Coeliac disease

People suffering from coeliac disease must follow a gluten-free diet, avoiding foods that contain wheat, oats, rye and barley.

Factfile: 10 things you should know

  1. Coeliac disease is an autoimmune disease.
  2. It affects about one in 100 people in the UK.
  3. Symptoms are triggered by consuming a protein called gluten.
  4. Gluten damages the small intestine, preventing the body from absorbing all the nutrients it needs from food.
  5. It is found in the cereals wheat, rye and barley and sometimes oats.
  6. Symptoms can vary and can occur at any age - they include diarrhoea, stomach pain and indigestion.
  7. If left undiagnosed, it can lead to malnutrition and can prevent children from growing normally.
  8. Coeliac disease can only be confirmed by a medical diagnosis, so if you have any concerns it is important that you consult a doctor before changing your diet.
  9. Although the condition is permanent, by avoiding gluten you can limit the damage to the intestine and stop the symptoms.
  10. Many foods contain these cereals, but by finding gluten-free alternatives, sufferers can enjoy a life free of symptoms.

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Foods I can have

The foods below are naturally gluten-free. They can be made into flour and used in gluten-free dishes:

  • Rice
  • Corn/maize
  • Polenta
  • Potato
  • Buckwheat
  • Soya
  • Millet
  • Quinoa
  • Pulses (beans, peas and lentils)

Tip box:

Pulses can be made into gram flour and urd flour. They do not rise well when baked, but with a little experimentation they can be used effectively.

Which foods should I avoid?

  • Wheat and grains made from wheat, such as bulgar wheat, semolina, cous cous, spelt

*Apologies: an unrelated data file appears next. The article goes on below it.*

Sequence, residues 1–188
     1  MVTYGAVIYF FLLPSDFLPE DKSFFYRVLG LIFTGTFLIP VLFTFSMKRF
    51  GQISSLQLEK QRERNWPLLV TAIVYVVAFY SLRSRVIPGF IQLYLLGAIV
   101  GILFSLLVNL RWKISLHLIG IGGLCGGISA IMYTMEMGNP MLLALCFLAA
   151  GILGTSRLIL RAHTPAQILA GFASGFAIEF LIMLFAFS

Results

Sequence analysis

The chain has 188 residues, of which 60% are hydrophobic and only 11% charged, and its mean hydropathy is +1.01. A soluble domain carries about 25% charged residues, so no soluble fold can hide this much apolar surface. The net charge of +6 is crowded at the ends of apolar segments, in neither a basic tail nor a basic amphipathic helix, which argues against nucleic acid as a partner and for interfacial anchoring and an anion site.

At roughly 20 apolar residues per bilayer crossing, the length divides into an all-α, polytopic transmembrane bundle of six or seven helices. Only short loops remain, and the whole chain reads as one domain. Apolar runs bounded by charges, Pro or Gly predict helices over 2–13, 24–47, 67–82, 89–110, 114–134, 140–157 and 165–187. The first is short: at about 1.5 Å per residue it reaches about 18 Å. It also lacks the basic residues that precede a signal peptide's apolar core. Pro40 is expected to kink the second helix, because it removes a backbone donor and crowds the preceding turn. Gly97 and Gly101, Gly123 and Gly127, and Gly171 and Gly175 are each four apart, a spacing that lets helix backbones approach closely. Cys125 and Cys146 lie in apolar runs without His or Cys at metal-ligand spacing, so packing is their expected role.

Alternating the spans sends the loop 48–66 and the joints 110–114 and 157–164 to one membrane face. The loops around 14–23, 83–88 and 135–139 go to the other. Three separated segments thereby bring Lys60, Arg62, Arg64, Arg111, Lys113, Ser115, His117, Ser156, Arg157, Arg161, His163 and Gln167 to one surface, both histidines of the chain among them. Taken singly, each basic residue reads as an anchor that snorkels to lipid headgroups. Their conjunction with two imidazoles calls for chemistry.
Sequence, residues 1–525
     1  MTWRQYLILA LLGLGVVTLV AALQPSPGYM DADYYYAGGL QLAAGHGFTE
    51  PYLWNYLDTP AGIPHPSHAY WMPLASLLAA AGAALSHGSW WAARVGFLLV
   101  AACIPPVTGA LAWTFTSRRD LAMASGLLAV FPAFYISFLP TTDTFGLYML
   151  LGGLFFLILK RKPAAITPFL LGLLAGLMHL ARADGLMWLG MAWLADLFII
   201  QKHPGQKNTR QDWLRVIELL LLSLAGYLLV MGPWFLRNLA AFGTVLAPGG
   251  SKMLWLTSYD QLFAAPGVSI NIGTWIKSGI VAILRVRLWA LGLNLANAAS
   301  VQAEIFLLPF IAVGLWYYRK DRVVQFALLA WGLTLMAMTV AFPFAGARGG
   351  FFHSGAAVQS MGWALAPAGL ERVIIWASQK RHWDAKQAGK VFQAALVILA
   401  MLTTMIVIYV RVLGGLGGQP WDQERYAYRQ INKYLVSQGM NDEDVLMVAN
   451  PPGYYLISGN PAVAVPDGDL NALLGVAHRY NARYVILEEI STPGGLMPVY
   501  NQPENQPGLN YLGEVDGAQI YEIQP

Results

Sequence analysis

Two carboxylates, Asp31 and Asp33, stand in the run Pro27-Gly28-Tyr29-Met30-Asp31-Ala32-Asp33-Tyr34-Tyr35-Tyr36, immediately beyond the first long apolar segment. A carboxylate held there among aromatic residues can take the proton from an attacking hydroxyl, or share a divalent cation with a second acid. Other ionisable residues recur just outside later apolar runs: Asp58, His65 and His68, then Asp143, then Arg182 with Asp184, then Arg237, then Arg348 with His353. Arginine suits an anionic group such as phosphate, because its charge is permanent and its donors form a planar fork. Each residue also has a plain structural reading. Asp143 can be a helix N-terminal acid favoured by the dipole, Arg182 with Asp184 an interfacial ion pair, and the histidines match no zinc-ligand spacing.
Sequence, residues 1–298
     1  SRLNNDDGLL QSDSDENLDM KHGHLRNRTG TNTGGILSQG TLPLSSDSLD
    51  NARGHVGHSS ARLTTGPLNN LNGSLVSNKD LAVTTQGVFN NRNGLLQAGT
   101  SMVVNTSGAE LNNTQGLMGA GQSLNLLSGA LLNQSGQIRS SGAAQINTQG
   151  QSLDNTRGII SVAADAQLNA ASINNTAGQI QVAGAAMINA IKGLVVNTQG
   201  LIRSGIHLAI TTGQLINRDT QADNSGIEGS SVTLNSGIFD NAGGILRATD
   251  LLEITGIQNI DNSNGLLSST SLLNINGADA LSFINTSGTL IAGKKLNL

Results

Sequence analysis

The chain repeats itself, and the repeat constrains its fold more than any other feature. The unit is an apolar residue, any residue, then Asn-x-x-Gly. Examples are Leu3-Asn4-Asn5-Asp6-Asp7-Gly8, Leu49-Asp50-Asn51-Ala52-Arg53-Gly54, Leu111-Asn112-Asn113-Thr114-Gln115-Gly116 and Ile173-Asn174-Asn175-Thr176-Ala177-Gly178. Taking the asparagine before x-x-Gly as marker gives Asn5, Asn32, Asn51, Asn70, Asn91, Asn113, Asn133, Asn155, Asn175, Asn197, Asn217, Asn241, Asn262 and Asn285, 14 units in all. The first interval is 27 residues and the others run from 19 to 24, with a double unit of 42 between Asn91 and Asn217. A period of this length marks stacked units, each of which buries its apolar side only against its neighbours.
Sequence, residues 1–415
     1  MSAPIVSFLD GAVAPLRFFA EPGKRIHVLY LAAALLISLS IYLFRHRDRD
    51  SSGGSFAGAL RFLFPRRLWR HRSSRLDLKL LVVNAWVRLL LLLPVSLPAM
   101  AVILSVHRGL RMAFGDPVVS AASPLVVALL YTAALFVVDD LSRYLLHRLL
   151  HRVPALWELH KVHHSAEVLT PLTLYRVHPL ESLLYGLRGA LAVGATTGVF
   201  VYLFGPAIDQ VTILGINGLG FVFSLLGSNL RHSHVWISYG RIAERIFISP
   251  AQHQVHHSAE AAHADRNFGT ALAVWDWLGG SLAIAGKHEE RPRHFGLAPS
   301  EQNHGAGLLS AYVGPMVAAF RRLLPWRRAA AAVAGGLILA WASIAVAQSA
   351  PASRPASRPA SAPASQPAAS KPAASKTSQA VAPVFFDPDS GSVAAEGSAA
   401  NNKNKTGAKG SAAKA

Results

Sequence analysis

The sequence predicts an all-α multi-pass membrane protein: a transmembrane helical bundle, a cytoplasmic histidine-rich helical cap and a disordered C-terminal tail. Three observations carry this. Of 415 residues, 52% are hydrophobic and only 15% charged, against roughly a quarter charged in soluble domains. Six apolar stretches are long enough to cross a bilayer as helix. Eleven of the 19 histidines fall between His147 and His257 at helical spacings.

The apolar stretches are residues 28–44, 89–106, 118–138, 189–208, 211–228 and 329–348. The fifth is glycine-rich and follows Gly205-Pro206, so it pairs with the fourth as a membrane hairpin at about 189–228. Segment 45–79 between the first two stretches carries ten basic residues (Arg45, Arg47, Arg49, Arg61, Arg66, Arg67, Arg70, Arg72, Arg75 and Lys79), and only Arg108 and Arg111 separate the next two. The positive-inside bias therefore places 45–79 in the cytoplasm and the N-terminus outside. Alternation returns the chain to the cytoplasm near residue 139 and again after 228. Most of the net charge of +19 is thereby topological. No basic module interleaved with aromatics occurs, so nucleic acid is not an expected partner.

• Rye
  • Barley
  • Oats

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Common Myths

Wheat glucose syrup, wheat dextrose and maltodextrin should be avoided on a gluten-free diet. Although these ingredients are made from cereals which contain gluten, they have been processed (hydrolysed) so no gluten remains.
Buckwheat is a form of wheat and so should be avoided. Buckwheat is actually a herb, not a form of wheat and is tolerated by most coeliac sufferers.
Semolina is gluten-free. Although semolina comes from the outer coat of wheat, it does contain gluten. Most pasta is made from semolina.
I won’t be able to have bread or pasta again. Foods based on wheat, barley and rye can be made suitable for those with coeliac disease by removing the gluten. We stock a variety of gluten-free products, including breads, flour, cakes, biscuits, pasta, sausages and breakfast cereals.
I can’t drink spirits made from wheat. Spirits, where wheat is used, are gluten-free as all traces of gluten are removed during distillation.
All beer and lager is suitable for coeliac sufferers. Where wheat is used in brewing, small amounts of gluten may remain in the beer/lager, even after fining and may not be suitable for coeliac sufferers.
I have noticed that some gluten-free products contain malt extract or malt vinegar and thought these should be avoided. Some gluten-free products may contain small amounts of malt extract or malt vinegar and these are tolerated by most people with coeliac disease.
Spelt is suitable for coeliac sufferers Although spelt, which is a type of wheat, contains less gluten than other wheat varieties, it is not suitable for coeliac sufferers.

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How can Waitrose help?


All Waitrose-branded pre-packed products that contain gluten will highlight tihs on the back of the pack

Suitable products

  • Waitrose stock a variety of gluten-free products, including breads, flour, cakes, biscuits, pasta, sausages and breakfast cereals.
  • To help with your shopping we can supply you with a list of all our own-label foods that are free from gluten, which excludes any food containing wheat, oats, rye and barley. For a copy contact:

Nutrition Advice Service
Waitrose Ltd
Doncastle Road
RG12 8YA
Tel: 0800 188884

Other useful contacts

Coeliac UK
3rd floor
Apollo Centre
Desborough Road
High Wycombe
HP11 2QW
Tel: 0845 305 2060 (this link opens a new window)

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